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Idaho's Fruit & Nut Center

Pomologist Essie Fallahi has spent more than two decades cultivating fruit trees in the Gem State.

Esmail "Essie" Fallahi of the University of Idaho, image
Photo caption
Esmail "Essie" Fallahi helps push fruit forward in the Gem State.

Over the past 23 years Esmaeil “Essie” Fallahi, an Iranian American pomologist (fruit and nut scientist) at the University of Idaho’s research center in Parma, has brought some 30 fruit- and nut-bearing trees to southwest Idaho. The center opens to the public during Fruit Field Day in early September.

Q What have you brought to Idaho?
Pluot, Fuji and Gala apples, Asian pear, quince, persimmon, and almond.

Q How did you know they’d succeed?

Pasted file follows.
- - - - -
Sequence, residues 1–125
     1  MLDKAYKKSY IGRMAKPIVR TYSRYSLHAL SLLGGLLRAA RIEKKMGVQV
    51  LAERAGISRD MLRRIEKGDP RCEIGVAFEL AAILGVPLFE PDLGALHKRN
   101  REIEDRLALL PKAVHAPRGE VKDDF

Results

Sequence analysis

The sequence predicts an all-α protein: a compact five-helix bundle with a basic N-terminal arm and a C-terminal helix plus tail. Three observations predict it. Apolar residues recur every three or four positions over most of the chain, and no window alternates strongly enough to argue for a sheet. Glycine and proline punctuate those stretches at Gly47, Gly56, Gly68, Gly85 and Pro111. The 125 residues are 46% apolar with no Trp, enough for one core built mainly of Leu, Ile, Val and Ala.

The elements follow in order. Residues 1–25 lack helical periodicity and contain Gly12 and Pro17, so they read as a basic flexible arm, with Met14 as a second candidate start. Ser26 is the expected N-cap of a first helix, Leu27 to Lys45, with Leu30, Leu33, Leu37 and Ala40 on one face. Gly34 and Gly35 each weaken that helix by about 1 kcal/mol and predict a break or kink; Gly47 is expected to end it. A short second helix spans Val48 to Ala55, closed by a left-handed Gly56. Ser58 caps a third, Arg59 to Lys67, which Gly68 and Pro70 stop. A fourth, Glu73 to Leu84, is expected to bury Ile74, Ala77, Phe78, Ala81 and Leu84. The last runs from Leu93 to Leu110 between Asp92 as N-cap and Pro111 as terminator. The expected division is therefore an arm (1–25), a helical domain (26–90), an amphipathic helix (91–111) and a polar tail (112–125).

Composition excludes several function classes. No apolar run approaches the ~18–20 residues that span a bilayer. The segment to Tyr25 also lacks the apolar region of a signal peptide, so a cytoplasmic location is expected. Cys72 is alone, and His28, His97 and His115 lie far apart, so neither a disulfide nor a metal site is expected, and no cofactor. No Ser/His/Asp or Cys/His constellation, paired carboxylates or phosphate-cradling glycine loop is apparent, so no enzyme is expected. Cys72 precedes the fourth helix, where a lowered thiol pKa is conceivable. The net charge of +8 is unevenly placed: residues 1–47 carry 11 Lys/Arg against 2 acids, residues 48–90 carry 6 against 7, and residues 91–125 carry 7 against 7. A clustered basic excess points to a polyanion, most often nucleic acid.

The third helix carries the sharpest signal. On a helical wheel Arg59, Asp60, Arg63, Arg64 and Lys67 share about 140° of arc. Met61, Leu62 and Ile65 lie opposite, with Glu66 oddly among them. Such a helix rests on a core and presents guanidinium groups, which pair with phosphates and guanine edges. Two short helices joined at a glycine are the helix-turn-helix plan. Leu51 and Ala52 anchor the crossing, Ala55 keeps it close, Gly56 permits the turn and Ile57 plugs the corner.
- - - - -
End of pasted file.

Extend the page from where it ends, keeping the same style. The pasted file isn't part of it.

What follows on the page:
Like the Elburz Mountains north of Tehran, southwestern Idaho has four seasons with a cold winter and gradual spring, which is extremely important for fruits’ developing flavors. In the summer, warm days and cool nights preserve all their flavor and color components.

Q Why fruit trees?
The world population is growing, and no matter what job you and I have, we need lunch. On the other hand, everyone can produce fruit. Our discoveries help farmers produce higher-quality, more novel fruit.

Q Do we need so many kinds?
People like to try different things. It’s up to us researchers to show that we can grow them, and to our extension center to teach people how to use them.

Q Where can we taste some of the fruit?
You can check during harvest times at Henggeler Packing Company (208-452-3535) and Purdums Produce (208-452-4098) in Fruitland, Idaho. And there are two farms near Caldwell: Symms Fruit Ranch (208-459-4821, and Williamson Orchards (208-459-7333,

Photography by Sylvia Plachy

This article was first published in September 2010. Some facts may have aged gracelessly. Please call ahead to verify information.